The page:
JLZ: Since focusing on wine on tap, have you seen a major shift in sales and interest from your traditional, bottled wines?

NB: We’ve seen a huge amount of interest in wine on tap but bottle sales haven’t necessarily decreased. What we’ve been trying to do is go into somewhere and potentially look at bottles as an upsell, so for example if someone has their house wines as their tap wines, we look to complement that list with bottled varieties as well. I don’t think it’s come out of a compromise, I think it’s just added a different value to our offering. I think we were struggling before with being able to go into somewhere and just sell bottles because we possibly weren’t as competitive as other suppliers, whereas in this instance we can now do that.

JLZ: Have you had any apprehensive clients that are unsure about wine on tap?

NB: Yeah we’ve had a few. We still have customers now who still aren’t sure about it, but then someone within their business is sure about it and they’ve gone for it and it’s working for them. It’s not an easy thing, you can’t just go into somewhere and start selling kegs and leave them to it. You’ve got to install the systems and provide maintenance and service, we do all of that. That’s the big element of it really; being able to back up the quality of the liquid and the quality of the product with the quality of a service that we can provide. There’s always going to be people that are going to think it’s strange that there’s an organic Bordeaux being poured out of a tap but the fact of the matter is, it’s an organic Bordeaux of a very good quality.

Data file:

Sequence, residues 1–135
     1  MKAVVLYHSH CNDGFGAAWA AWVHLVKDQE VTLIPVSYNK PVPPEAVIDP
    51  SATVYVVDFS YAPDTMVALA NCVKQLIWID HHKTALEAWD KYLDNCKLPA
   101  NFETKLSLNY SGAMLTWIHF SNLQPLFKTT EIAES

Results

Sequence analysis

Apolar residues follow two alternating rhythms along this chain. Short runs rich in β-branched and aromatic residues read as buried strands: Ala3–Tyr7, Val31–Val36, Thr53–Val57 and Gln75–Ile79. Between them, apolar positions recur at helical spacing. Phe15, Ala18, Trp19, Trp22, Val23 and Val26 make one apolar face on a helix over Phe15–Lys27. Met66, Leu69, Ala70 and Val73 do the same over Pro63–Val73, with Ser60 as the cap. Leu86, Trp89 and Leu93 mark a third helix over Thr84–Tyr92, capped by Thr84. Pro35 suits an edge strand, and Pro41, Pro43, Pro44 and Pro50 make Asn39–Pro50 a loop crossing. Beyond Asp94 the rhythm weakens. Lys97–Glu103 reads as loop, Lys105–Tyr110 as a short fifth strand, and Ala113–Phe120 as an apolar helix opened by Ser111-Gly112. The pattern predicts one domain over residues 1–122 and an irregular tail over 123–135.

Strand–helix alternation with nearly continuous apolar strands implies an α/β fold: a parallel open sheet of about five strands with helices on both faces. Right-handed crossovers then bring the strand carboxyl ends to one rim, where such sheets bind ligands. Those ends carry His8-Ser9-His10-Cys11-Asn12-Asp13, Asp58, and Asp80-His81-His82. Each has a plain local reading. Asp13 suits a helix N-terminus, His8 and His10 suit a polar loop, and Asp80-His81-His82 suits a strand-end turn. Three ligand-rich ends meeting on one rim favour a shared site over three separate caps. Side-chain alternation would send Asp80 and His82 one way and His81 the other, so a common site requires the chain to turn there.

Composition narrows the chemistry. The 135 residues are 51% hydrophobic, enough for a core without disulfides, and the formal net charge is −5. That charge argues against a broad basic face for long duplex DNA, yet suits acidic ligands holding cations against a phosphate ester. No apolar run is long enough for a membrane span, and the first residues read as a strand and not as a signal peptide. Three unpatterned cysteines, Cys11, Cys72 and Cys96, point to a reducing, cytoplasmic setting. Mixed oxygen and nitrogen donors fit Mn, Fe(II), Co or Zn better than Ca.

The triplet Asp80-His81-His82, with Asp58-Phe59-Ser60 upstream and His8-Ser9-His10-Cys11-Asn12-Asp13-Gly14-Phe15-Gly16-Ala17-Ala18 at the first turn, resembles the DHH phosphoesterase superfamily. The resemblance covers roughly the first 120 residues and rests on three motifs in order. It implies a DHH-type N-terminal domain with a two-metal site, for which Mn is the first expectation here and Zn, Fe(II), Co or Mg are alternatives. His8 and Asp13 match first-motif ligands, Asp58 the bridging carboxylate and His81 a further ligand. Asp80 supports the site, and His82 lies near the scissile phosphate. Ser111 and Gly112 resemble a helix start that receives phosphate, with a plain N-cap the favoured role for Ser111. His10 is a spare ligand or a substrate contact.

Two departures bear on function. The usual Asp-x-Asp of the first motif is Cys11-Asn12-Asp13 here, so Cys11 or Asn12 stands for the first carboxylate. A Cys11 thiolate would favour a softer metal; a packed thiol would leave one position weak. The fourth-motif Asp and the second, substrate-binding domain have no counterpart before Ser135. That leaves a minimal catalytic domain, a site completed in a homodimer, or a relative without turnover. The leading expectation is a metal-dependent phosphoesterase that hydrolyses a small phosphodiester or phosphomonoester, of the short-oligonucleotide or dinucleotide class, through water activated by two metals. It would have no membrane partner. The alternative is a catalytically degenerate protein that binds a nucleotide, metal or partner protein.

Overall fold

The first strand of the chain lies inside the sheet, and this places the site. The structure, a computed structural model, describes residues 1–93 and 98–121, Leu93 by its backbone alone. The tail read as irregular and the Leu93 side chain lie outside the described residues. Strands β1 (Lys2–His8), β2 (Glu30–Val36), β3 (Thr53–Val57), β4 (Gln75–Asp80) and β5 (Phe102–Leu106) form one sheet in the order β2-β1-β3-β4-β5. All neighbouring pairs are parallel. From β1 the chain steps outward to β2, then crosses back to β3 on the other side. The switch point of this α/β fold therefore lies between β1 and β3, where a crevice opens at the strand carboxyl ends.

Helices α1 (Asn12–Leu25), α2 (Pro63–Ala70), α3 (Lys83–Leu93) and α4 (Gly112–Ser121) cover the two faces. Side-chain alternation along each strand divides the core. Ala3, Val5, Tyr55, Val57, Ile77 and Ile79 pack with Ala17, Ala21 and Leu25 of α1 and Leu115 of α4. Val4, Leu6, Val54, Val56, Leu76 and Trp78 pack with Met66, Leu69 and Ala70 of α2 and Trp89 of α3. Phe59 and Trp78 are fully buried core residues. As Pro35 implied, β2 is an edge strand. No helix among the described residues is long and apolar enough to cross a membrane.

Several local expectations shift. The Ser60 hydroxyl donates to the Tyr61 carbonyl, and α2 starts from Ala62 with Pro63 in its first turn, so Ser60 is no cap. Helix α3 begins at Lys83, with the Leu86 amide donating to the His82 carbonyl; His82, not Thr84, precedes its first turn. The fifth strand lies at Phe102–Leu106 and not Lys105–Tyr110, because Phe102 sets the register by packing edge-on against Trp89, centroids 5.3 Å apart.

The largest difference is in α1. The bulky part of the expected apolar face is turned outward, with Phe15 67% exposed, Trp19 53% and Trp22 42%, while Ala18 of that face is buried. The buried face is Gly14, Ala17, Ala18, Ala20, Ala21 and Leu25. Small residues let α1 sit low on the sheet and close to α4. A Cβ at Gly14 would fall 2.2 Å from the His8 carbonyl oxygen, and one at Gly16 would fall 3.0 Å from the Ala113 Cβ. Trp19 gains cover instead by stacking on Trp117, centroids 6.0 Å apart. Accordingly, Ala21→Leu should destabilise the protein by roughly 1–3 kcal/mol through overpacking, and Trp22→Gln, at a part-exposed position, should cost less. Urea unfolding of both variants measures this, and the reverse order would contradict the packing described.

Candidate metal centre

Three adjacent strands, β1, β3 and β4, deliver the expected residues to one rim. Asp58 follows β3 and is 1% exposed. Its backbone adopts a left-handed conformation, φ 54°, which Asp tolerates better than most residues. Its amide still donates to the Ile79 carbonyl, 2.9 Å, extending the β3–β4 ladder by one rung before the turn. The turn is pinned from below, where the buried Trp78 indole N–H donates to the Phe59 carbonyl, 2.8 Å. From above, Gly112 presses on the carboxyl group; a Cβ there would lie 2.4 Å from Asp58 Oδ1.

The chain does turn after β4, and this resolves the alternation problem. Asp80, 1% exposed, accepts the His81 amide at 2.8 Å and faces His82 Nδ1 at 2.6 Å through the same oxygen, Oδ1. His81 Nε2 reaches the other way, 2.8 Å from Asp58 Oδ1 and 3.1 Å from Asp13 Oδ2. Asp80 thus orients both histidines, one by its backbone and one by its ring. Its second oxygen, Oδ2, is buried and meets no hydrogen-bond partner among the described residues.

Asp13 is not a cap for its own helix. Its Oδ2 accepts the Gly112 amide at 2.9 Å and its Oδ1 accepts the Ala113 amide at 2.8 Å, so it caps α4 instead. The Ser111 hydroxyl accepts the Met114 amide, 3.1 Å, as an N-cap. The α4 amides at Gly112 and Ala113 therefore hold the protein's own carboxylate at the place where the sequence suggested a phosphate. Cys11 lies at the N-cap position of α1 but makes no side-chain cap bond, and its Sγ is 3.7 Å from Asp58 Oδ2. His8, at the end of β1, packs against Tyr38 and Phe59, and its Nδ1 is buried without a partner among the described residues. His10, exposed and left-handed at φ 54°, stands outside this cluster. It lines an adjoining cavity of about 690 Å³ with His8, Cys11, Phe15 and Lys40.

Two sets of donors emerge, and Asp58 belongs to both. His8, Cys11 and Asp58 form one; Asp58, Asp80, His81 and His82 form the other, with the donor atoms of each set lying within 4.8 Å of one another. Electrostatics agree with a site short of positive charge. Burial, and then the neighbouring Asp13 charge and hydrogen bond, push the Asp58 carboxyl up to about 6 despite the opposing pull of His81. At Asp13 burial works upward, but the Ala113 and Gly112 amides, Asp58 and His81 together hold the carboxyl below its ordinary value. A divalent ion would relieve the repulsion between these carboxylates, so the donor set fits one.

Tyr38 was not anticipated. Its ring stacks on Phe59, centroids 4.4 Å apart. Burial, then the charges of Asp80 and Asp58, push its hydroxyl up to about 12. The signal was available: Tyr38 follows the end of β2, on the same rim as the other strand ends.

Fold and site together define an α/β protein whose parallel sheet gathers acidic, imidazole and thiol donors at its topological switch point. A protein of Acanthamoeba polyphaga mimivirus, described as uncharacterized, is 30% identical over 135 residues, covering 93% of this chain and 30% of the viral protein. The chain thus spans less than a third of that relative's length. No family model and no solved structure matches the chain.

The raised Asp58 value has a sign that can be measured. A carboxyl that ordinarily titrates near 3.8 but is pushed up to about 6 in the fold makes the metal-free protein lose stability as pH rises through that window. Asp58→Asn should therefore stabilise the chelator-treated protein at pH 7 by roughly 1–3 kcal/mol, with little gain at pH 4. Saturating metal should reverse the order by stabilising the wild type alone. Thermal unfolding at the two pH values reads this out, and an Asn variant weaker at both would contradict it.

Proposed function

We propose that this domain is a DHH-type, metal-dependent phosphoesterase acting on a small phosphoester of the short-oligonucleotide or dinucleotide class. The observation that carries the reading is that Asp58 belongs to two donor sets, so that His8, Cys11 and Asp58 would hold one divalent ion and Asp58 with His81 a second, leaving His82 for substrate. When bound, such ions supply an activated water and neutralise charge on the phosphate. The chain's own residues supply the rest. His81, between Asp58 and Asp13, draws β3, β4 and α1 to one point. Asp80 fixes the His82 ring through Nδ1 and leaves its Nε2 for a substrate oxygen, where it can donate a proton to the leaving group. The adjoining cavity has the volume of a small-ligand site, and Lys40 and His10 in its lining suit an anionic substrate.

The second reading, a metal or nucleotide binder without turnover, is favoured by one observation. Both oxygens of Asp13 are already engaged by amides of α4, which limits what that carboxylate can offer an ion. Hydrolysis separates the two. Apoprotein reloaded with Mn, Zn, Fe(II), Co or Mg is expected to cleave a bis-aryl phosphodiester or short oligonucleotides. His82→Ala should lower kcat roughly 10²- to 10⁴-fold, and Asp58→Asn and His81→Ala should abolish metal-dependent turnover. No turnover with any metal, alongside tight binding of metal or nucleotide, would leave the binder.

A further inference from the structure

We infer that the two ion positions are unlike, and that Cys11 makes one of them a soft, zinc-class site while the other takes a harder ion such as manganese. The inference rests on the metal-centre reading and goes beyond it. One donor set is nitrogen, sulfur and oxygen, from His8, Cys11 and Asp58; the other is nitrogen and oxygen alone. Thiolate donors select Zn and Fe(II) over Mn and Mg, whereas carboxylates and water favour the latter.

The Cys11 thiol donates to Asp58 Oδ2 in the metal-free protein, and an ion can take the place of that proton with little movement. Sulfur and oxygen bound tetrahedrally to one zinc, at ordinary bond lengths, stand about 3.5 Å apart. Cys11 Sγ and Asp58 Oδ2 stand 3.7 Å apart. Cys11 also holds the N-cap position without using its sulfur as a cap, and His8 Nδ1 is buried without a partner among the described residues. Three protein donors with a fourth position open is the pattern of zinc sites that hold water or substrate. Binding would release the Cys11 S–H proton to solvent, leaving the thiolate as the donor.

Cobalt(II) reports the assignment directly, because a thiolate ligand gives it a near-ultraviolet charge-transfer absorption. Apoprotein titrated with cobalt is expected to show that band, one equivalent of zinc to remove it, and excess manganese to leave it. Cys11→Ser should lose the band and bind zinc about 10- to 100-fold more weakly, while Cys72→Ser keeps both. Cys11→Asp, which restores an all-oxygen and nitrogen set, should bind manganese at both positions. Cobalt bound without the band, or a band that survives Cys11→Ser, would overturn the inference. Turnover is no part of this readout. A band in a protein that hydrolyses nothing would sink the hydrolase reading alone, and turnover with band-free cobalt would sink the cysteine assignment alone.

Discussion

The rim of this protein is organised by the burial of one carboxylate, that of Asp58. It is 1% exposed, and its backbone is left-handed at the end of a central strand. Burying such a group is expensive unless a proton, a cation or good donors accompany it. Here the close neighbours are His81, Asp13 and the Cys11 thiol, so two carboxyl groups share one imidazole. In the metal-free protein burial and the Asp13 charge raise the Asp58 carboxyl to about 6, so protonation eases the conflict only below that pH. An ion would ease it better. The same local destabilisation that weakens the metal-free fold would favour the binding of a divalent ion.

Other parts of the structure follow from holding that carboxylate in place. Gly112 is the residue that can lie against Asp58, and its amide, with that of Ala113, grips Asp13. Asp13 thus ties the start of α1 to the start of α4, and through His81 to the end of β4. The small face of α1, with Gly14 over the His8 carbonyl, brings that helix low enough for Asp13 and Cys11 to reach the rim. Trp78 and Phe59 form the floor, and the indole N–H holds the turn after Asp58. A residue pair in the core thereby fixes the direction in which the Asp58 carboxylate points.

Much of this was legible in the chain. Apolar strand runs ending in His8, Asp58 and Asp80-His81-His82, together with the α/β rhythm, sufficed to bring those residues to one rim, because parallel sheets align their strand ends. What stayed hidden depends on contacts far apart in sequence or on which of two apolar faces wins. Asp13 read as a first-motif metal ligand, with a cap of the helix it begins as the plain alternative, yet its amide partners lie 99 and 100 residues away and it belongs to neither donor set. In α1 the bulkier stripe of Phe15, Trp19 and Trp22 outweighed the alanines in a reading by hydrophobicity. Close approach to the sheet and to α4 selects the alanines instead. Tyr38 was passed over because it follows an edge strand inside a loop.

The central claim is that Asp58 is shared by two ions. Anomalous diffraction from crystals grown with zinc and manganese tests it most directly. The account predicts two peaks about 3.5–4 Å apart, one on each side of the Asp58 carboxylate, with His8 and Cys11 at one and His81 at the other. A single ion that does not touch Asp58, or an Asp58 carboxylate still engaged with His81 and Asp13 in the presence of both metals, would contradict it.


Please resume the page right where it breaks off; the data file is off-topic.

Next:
JLZ: Have you seen growth in the popularity of vegan and organic wine?

NB: Definitely, I think consumers are far more interested in provenance these days and therefore there is a much larger interest in where that liquid has come from and how it’s made. You see that across the board with everything. The vegan movement is moving into drinks, so people are interested in wines being vegan. I had someone ask me if we had any Kosher wine before. So there’s definitely people asking those sort of questions.